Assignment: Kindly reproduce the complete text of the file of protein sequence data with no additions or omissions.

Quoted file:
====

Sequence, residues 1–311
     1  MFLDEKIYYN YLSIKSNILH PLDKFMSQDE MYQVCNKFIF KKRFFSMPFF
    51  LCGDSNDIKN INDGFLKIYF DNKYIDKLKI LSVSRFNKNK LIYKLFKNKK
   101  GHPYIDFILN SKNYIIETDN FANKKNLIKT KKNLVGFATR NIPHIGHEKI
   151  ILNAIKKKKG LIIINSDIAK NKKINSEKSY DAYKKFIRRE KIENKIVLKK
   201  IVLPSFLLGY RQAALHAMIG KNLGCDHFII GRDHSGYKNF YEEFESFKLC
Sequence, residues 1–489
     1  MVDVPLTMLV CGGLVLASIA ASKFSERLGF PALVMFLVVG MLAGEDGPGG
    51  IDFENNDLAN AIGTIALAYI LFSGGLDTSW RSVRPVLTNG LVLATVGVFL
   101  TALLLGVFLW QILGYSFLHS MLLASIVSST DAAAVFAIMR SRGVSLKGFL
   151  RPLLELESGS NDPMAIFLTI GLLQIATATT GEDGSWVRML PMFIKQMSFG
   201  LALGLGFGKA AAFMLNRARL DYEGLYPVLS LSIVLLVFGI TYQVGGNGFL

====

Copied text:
Sequence, residues 1–311
     1  MFLDEKIYYN YLSIKSNILH PLDKFMSQDE MYQVCNKFIF KKRFFSMPFF
    51  LCGDSNDIKN INDGFLKIYF DNKYIDKLKI LSVSRFNKNK LIYKLFKNKK
   101  GHPYIDFILN SKNYIIETDN FANKKNLIKT KKNLVGFATR NIPHIGHEKI
   151  ILNAIKKKKG LIIINSDIAK NKKINSEKSY DAYKKFIRRE KIENKIVLKK
   201  IVLPSFLLGY RQAALHAMIG KNLGCDHFII GRDHSGYKNF YEEFESFKLC
Sequence, residues 1–489
     1  MVDVPLTMLV CGGLVLASIA ASKFSERLGF PALVMFLVVG MLAGEDGPGG
    51  IDFENNDLAN AIGTIALAYI LFSGGLDTSW RSVRPVLTNG LVLATVGVFL
   101  TALLLGVFLW QILGYSFLHS MLLASIVSST DAAAVFAIMR SRGVSLKGFL
   151  RPLLELESGS NDPMAIFLTI GLLQIATATT GEDGSWVRML PMFIKQMSFG
   201  LALGLGFGKA AAFMLNRARL DYEGLYPVLS LSIVLLVFGI TYQVGGNGFL